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Is a warning letter an adverse employment action?

Yes, a written warning or counseling session will be considered presumptively adverse where: (a) it is considered discipline by policy or practice; (b) it is routinely used as the first step in a progressive discipline policy; or (c) it implicitly or expressly references potential discipline. See Williams v. American Airlines Inc., ARB No. 09-018, ALJ No. 2007-AIR- 004, slip op. at 10-11 (ARB Dec. 29, 2010); see also Stallard v. Norfolk Southern Railway Co., ARB Case No. 16-028; ALJ Case No. 2014-FRS-149, slip op. at 8 (Sep. 29, 2017)

Under the whistleblower protection provision of the Sarbanes-Oxley Act, a covered entity may not “discharge, demote, suspend, threaten, harass, or in any other manner discriminate against an employee in the terms and conditions of employment” because the employee engaged in protected activity. 18 U.S.C.A. § 1514A(a).  In Hendrix v. American Airlines, 2004-SOX-010; 2004-AIR-023 (Dec. 9, 2004), an ALJ found that “[t]he distinctive language of the Sarbanes-Oxley Act supports a broad reading of the meaning of adverse action for claims arising under this Act. . . . By explicitly prohibiting threats and harassment, the Sarbanes-Oxley Act has included adverse actions which are not necessarily tangible and most certainly are not ultimate employment actions.”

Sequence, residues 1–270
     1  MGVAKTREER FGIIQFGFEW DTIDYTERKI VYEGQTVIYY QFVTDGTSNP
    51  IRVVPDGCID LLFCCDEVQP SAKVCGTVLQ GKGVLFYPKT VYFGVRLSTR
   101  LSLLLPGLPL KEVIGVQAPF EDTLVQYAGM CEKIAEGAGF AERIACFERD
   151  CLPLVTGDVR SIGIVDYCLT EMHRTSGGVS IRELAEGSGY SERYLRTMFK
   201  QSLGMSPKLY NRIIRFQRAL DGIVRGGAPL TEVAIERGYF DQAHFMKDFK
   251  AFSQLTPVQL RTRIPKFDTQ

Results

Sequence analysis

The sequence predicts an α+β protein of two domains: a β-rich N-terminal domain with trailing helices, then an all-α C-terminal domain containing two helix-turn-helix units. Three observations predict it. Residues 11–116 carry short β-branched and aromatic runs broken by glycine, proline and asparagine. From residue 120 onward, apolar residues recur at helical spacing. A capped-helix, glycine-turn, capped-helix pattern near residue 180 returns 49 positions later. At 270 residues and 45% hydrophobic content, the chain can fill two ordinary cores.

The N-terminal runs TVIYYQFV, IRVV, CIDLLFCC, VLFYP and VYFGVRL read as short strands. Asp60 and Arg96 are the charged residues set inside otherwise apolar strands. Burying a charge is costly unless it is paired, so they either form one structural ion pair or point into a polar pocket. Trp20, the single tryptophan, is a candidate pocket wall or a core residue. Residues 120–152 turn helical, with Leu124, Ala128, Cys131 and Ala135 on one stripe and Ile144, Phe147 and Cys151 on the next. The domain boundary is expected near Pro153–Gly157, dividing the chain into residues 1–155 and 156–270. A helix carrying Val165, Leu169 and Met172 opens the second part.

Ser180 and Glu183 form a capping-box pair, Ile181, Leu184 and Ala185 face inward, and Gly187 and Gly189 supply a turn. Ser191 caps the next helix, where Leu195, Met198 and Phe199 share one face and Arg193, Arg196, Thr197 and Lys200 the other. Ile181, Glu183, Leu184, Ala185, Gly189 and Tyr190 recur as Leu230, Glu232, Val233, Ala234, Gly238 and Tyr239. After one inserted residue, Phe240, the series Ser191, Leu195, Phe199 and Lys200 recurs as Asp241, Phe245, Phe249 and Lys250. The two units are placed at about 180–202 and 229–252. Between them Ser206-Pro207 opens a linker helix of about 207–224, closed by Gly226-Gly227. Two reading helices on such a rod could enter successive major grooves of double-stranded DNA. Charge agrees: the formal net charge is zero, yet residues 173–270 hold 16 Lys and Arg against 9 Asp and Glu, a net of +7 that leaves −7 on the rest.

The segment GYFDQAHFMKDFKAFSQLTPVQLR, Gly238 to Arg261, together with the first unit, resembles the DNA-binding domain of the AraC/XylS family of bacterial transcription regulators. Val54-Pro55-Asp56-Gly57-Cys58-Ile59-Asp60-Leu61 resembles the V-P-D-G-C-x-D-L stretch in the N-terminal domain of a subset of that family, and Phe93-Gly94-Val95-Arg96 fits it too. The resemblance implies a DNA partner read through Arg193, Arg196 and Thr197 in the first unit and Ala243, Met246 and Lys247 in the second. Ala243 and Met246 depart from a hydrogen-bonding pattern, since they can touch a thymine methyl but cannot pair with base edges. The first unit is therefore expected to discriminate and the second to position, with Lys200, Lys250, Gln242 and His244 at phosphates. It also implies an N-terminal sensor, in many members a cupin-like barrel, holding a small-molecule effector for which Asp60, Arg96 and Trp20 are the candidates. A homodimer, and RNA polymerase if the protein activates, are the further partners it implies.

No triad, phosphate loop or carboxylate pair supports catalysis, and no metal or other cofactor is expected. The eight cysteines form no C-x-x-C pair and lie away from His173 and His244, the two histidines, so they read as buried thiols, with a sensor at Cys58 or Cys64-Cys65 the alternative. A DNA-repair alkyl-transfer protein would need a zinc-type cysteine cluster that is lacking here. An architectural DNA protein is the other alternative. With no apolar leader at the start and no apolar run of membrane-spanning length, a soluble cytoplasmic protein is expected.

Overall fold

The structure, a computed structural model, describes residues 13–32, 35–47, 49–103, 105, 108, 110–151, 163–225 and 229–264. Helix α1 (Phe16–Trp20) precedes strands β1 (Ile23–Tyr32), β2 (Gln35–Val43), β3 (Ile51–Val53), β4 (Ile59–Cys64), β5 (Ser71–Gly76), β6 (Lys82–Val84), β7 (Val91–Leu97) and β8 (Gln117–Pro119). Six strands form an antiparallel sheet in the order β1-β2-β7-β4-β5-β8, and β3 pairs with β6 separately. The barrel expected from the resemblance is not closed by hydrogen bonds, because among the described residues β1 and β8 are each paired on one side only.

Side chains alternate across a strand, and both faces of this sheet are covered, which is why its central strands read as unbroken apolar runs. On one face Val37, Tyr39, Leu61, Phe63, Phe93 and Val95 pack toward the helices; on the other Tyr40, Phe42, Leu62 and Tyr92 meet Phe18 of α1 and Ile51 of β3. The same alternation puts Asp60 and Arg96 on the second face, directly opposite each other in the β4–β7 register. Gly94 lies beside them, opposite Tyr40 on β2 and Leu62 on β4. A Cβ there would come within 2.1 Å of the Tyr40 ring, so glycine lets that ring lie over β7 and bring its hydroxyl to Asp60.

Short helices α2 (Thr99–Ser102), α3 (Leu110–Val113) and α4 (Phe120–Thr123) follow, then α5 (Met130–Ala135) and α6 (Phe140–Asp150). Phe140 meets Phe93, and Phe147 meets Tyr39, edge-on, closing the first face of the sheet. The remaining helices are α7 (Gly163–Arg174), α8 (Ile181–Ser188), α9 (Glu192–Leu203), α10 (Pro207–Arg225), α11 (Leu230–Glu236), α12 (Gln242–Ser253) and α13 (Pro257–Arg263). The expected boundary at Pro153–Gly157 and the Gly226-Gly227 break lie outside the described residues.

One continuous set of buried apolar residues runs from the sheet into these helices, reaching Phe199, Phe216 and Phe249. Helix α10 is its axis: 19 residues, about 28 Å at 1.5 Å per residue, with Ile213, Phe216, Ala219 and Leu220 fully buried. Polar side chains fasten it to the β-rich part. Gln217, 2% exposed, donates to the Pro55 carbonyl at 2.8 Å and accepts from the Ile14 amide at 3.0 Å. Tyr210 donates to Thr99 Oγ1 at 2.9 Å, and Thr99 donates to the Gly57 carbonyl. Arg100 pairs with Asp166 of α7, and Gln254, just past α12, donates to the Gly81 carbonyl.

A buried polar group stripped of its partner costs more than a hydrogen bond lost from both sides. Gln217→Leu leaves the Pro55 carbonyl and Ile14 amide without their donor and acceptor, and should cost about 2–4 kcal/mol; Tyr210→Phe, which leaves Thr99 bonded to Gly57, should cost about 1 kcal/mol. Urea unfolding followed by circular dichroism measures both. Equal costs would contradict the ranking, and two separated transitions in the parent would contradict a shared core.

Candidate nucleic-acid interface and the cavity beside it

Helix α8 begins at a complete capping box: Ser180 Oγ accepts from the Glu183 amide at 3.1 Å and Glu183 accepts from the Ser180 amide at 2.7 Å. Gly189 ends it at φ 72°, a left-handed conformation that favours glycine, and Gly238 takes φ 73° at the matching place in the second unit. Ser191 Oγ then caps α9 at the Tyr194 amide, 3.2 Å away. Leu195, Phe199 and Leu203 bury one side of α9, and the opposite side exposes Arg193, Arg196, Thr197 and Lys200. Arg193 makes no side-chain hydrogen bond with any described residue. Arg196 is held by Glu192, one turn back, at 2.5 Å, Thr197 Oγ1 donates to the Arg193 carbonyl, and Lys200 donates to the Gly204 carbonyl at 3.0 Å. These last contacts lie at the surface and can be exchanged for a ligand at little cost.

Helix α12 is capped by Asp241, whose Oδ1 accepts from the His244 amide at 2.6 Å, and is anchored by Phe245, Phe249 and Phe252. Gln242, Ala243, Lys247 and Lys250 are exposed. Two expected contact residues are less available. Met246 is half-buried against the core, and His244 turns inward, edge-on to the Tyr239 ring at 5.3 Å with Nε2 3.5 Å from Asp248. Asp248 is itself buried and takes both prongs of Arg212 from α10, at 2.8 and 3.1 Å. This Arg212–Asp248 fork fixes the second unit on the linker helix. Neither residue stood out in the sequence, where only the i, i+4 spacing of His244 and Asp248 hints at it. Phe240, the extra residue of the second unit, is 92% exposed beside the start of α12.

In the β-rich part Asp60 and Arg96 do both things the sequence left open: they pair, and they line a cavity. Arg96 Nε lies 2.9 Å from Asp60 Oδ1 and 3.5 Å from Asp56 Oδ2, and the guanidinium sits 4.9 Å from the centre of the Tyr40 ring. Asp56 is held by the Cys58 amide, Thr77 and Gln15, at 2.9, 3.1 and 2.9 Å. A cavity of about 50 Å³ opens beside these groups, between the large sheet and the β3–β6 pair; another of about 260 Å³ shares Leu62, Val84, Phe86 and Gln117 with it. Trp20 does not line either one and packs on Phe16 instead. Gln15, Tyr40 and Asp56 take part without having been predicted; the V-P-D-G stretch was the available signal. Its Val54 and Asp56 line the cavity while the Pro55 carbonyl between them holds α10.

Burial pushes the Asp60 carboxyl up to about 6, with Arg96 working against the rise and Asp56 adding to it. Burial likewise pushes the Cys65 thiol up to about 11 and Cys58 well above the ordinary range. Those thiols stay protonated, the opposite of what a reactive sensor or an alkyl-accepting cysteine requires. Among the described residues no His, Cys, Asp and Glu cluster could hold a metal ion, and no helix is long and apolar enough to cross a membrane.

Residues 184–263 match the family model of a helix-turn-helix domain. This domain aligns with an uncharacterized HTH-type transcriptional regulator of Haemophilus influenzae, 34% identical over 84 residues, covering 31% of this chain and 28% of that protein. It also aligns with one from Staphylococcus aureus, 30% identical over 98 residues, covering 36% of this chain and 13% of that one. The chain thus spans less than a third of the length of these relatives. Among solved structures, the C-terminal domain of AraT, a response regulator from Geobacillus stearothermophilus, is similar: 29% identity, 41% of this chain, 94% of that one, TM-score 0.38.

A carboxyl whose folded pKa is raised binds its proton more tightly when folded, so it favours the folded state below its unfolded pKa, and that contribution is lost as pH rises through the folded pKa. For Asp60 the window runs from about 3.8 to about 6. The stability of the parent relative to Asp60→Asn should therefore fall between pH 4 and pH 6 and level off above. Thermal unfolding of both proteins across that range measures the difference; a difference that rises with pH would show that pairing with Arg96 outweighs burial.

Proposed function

Jason Zuckerman, Principal of Zuckerman Law, litigates whistleblower retaliation, qui tam, wrongful discharge, and other employment-related claims. He is rated 10 out of 10 by Avvo, was recognized by Washingtonian magazine as a “Top Whistleblower Lawyer” in 2015 and selected by his peers to be included in The Best Lawyers in America® and in SuperLawyers.